Although bad news for red meat, in terms of health impacts, leads to a net increase in suffering, there isn't always an inverse relationship. Paul points to this Kansas State study that found that coverage of cruelty to farm animals, including cattle, ended up reducing demand for all meat products, not just beef:
In particular, this study found increased media attention caused a reallocation of expenditures to nonmeat food rather than reallocating expenditure across competing meat products.
Accordingly, all three evaluated livestock and meat industries stand to lose if total meat expenditure is reduced as consumers obtain increasing amounts of media information regarding animal well-being and handling issues. More narrowly, if consumers make budget adjustments in favor of nonmeat products, the aggregate meat market loses the ability to internally compete for those funds.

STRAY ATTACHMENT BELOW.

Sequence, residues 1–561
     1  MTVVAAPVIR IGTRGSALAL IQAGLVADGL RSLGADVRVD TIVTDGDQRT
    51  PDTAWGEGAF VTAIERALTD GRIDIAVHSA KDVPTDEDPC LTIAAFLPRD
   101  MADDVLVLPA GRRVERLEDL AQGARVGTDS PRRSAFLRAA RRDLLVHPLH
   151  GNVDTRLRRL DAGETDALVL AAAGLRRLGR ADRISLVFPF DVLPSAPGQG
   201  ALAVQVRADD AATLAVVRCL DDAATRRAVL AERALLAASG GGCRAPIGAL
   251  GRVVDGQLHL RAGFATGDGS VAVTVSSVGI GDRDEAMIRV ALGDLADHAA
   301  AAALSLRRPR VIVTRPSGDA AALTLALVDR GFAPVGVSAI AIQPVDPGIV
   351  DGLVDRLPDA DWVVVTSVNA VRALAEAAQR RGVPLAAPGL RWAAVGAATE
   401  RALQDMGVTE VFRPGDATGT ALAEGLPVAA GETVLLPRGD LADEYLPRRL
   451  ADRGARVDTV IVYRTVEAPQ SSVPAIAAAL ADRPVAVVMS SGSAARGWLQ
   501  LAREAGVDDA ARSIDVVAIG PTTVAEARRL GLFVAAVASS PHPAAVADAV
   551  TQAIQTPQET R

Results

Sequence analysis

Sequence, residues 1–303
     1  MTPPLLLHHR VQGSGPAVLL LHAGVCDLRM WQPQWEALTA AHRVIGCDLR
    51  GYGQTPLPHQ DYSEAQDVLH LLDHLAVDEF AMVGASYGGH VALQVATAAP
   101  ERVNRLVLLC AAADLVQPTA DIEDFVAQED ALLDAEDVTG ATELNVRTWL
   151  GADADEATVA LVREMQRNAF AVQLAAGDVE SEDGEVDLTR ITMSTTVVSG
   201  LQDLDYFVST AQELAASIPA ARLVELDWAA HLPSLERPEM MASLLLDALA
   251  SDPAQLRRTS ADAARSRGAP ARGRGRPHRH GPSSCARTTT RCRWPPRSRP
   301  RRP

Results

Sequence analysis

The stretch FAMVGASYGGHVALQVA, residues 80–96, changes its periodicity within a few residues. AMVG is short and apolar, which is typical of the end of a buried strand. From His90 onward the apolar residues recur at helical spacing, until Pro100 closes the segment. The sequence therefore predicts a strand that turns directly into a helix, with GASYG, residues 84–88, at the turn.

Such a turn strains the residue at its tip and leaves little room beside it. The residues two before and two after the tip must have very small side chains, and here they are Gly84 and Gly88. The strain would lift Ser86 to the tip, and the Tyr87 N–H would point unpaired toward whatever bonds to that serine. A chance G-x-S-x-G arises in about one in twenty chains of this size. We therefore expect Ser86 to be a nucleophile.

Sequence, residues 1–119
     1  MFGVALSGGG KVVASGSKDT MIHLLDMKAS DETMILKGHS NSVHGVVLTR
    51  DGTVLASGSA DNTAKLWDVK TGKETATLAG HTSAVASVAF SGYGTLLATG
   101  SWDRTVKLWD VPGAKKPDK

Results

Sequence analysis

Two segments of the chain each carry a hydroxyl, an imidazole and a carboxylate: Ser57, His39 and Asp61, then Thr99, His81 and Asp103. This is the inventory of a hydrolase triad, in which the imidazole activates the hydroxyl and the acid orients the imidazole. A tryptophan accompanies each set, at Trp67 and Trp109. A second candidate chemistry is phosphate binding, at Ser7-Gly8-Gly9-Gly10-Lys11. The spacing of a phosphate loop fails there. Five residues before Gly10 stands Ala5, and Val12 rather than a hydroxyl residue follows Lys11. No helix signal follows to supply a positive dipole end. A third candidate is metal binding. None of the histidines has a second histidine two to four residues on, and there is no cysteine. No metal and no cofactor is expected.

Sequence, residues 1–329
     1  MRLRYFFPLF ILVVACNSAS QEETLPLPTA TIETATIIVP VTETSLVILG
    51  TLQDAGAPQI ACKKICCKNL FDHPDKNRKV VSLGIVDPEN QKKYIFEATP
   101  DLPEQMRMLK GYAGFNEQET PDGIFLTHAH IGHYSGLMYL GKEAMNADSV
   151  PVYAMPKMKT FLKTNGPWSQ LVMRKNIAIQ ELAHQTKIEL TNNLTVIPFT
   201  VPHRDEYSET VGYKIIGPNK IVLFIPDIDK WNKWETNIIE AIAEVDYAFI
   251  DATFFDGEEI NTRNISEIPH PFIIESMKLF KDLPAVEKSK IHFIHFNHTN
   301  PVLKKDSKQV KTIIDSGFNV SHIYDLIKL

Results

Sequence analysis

Bottom line: Exposing cruelty can help all animals.
[Update: Kansas study link now corrected; thanks, Bea.]
|Ankur Patel reaches out for the animals at College of the Canyons.|